Objective: Negative beliefs about inhaled corticosteroids (ICS) and endorsement of complementary and alternative medicine (CAM) have been associated with medication non-adherence and uncontrolled asthma. The association of CAM and negative health beliefs is not described in children in acute care settings. Our study objective is to determine the relationship between negative ICS beliefs, CAM use and poorly controlled asthma among a predominantly Latino population in an acute care setting.
Methods: The study was conducted in the pediatric emergency department of a children’s hospital. During an ED asthma encounter, validated questionnaires surveyed parents about negative ICS beliefs, CAM use, and asthma health and control. We compared asthma health reports between parents who did or did not endorse negative ICS beliefs or CAM use, by chi-squared test (or a Fisher’s exact test where appropriate)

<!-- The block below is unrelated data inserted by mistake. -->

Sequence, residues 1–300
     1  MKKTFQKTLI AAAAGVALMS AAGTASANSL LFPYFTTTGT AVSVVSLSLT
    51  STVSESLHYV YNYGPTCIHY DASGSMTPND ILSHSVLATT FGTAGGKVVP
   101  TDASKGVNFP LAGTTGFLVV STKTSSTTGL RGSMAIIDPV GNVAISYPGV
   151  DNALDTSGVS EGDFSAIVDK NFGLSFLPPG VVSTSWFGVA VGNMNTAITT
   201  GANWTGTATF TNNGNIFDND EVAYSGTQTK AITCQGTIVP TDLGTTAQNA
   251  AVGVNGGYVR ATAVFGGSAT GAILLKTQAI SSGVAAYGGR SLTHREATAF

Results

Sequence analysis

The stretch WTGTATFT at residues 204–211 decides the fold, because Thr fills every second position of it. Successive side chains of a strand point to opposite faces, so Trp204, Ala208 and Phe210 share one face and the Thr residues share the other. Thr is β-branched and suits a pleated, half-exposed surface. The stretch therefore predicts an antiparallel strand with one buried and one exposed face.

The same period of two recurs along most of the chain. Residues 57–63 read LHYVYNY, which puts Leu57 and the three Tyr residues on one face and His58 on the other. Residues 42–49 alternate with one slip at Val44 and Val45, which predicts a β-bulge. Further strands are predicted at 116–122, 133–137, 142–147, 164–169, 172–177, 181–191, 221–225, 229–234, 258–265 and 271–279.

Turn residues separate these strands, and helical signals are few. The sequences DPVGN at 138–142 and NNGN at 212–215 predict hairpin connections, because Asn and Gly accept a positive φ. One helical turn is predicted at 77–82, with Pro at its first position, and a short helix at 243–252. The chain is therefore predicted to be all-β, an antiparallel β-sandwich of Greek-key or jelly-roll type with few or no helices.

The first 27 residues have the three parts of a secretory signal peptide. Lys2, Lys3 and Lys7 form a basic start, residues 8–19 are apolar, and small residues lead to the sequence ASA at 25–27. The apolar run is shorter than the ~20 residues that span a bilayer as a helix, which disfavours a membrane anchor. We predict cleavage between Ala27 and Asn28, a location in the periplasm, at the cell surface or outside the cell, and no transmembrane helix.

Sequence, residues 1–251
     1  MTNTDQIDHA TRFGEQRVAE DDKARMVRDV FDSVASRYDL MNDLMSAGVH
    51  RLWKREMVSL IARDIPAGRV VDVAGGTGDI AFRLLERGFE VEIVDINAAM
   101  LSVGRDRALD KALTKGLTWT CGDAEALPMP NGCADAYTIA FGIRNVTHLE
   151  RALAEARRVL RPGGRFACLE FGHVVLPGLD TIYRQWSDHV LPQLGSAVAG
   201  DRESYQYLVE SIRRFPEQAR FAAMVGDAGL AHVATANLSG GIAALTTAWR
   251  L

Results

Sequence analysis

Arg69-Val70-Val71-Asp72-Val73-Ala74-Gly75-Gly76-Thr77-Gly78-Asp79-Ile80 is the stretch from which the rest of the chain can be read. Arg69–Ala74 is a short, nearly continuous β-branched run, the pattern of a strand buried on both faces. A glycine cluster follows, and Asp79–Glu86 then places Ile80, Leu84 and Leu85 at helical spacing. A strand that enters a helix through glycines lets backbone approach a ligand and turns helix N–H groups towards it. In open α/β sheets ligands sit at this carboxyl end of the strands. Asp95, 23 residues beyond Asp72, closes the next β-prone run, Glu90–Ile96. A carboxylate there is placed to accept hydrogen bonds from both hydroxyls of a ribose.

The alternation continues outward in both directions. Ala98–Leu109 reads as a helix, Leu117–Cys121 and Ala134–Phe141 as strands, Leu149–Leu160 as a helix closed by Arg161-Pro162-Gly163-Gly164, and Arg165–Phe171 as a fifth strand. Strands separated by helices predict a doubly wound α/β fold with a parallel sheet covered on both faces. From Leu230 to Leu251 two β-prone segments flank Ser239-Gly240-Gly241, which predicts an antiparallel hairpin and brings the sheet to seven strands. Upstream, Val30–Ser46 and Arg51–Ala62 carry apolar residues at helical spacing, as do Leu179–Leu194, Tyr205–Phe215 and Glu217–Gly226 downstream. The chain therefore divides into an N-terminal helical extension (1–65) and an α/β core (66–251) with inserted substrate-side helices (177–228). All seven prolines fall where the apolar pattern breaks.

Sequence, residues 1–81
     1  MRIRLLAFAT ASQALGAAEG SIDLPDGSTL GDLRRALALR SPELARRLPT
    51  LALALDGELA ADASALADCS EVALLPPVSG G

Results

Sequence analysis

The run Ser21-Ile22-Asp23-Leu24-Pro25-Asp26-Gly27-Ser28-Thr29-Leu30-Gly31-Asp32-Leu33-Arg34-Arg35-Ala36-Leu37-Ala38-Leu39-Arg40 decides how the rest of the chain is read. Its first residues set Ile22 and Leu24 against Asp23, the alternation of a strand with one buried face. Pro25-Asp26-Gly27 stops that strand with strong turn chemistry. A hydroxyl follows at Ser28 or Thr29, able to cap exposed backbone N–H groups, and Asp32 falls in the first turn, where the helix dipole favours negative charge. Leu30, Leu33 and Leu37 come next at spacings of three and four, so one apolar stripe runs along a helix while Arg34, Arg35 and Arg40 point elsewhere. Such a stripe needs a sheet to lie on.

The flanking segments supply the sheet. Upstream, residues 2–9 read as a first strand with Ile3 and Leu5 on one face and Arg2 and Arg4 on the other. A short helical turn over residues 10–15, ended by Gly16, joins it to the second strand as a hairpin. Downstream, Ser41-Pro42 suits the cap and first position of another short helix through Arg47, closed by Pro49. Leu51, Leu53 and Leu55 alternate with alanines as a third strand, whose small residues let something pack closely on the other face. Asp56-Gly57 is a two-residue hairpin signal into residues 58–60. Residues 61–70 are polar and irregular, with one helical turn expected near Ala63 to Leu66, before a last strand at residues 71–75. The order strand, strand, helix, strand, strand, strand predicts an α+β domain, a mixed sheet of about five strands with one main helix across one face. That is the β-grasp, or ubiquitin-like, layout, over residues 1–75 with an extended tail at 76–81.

Results: Parents of 174 children identified mostly as Latino with Medicaid insurance and high asthma morbidity. CAM endorsement and negative ICS beliefs were both associated with increased use of lifetime steroids (p = 0.03 and p=.01 respectively). While CAM endorsement was associated with less hospitalizations (p = 0.04) and parental report of asthma “getting better” (p = 0.01), CAM users reported trouble with paying for rent or food (p = 0.02). Negative ICS beliefs and CAM endorsement were not associated with medication adherence.
Conclusions: Negative ICS beliefs are associated with higher number of oral steroid courses. The association between CAM endorsement and asthma control is varied, but mostly in favor of improved control. Financial difficulties may make CAM use more likely.